Reviewed by Pat Danahey Janin
Why learn about philanthropy? Is generosity so complicated, after all? The rising number of philanthropy education programmes across the globe attests to the growing interest in a more formal study of the meaning and practice of giving money, time or talent for the betterment of society. Beth Breeze and Michael Moody, both notable academics in the field on different sides of the Atlantic, set out to create a ‘one-stop resource’ for students and practitioners seeking a fuller picture of the ‘nature, importance and diversity of the field’.
With The Philanthropy Reader they succeed in presenting a thorough treatment of this complex topic. It addresses the evolving social, political and economic contexts and competing views of philanthropy’s role in our societies. It takes an international and interdisciplinary approach, including articles from leading thinkers in both the academic and practitioner fields. These include, for example, competing definitions of philanthropy, the role of altruism and self-interest, and humanistic or effective philanthropy.
The Philanthropy Reader addresses the question of philanthropy generally but focuses on elite philanthropy, which revolves around institutionalized giving (think foundations), the importance of donor agency, and the link between for-profit business practices and philanthropic models, for example impact investing and social entrepreneurship. It does not highlight one sector (such as education), use literary texts or provide practical ‘how to’ indicators for donors; nor is it a ‘feel good’ assembly of articles praising philanthropy. Rather, it is a carefully organized collection with sometimes surprising insights on topics such as biological altruism, the illogical geography of almshouses in England, and the apparent racism and politicized philanthropic practices after 9/11. These views challenge complacency and raise key contemporary questions.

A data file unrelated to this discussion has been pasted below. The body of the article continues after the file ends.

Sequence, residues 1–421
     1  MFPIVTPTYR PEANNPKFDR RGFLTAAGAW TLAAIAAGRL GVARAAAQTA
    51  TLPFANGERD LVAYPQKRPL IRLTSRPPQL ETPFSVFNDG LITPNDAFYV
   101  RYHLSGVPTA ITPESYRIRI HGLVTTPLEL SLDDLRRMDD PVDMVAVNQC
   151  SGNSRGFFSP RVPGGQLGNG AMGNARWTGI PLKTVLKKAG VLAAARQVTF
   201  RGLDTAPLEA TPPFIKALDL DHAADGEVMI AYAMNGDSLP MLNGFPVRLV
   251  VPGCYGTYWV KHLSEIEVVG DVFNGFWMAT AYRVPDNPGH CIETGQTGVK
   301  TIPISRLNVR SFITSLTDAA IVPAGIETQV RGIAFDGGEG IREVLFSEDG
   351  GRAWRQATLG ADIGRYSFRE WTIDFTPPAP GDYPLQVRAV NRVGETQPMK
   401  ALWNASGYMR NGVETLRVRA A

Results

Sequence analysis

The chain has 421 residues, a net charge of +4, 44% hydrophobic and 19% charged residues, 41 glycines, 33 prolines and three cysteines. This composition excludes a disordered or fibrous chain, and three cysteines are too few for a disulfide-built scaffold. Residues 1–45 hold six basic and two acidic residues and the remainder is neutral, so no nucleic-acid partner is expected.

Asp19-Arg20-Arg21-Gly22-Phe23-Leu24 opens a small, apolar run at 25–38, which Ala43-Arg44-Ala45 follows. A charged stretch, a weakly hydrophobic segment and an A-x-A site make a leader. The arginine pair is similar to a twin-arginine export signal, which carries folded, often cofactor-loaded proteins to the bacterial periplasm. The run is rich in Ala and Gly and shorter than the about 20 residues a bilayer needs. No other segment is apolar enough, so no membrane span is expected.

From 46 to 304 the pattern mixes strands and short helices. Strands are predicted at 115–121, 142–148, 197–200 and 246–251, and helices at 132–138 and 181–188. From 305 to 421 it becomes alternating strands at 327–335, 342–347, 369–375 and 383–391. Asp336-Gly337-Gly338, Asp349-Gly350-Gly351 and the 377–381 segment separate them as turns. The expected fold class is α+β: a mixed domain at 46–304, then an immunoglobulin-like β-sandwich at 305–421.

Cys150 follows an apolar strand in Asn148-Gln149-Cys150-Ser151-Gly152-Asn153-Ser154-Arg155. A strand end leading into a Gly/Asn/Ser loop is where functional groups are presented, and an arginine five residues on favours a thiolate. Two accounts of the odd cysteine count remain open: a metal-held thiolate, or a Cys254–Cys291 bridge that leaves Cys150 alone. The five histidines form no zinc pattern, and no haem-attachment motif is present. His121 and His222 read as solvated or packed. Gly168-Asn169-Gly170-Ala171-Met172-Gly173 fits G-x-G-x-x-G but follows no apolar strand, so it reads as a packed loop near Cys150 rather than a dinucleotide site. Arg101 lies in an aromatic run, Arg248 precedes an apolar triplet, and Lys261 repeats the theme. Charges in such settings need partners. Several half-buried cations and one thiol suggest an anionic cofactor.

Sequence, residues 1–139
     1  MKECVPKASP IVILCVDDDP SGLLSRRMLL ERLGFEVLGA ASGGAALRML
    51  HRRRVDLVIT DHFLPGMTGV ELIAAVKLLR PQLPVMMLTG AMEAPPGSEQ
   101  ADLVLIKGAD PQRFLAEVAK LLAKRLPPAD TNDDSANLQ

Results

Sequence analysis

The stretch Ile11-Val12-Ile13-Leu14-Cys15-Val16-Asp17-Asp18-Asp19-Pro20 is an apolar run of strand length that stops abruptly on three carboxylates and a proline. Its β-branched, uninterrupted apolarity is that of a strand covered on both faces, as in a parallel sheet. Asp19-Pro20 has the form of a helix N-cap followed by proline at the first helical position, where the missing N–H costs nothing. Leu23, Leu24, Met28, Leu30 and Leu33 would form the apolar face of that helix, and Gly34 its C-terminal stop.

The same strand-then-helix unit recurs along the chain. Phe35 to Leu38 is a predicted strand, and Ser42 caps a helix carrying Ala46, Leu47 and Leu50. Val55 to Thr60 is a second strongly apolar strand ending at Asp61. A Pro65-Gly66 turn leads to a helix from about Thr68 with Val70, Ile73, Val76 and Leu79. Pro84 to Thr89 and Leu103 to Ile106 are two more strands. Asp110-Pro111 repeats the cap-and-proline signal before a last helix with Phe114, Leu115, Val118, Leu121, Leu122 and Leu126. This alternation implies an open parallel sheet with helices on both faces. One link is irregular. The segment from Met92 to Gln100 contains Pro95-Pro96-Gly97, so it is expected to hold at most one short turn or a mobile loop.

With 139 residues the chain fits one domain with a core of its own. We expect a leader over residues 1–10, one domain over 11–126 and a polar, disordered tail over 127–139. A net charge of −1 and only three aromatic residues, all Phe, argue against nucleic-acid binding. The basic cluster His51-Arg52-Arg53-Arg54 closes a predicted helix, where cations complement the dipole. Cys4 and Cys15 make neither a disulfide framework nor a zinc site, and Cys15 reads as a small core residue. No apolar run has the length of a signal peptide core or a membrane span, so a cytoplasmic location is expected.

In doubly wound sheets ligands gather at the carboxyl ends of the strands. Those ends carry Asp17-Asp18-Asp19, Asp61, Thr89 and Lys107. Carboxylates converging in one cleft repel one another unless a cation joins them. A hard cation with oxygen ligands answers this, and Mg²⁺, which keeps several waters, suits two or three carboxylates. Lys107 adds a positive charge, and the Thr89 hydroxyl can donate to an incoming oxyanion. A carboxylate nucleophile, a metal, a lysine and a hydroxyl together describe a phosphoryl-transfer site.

Contrary to other course readers, it includes texts from outside the Anglo-Saxon world, revealing world views that differ greatly in places like Africa, China, India, Israel, Latin America and Turkey. It addresses the north vs south view of philanthropy, colonialism, and how intent and consequences shape social patterns. One drawback is the lack of information about the different authors. And the diversity of the texts makes some less accessible than others.
In each of six self-contained sections, the editors introduce the general topic covered, outlining the key sub-topics, their importance for the field, a summary of the main points and, finally, a list of thought-provoking discussion questions. Each section has on average 15 articles, which often complement each other.
Working internationally and across religious, cultural and linguistic boundaries, I found Section 2 (‘Philanthropy across time and place’) and Section 4 (‘Philanthropists and beneficiaries, a complex relationship’) particularly interesting. Section 2 points to the lingering notions of the past that are still present in the general thinking of philanthropy in the West, and to the universal vs the particular of giving. Section 4 covers the question of the gift in society and allows one to dig deeper into the implications of philanthropy. The example of what happens when there is ‘disruption of the normal order’ in the US, and the articles on Africa, Ubuntu, power and philanthropy give much to ponder about community, exchange and dignity.
The book will take students through key ideas about philanthropy from an Anglo-Saxon point of view, but it also gives a good dose of other cultures. Reflective practitioners can take some distance from their daily demands and deepen their thinking about the field with the provocative texts in this volume. The international perspectives put into question some practices and reveal the importance of context. A valuable reference!
Pat Danahey Janin is a PhD student in philanthropic studies at Indiana University, Lilly Family School of Philanthropy. Email firstname.lastname@example.org
Coming up in 2017: Philanthropy studies – an emerging field?
About the book
Published by Routledge
To order http://www.routledge.com
This book has also been reviewed by Marta Rey Garcia. You can read her review here.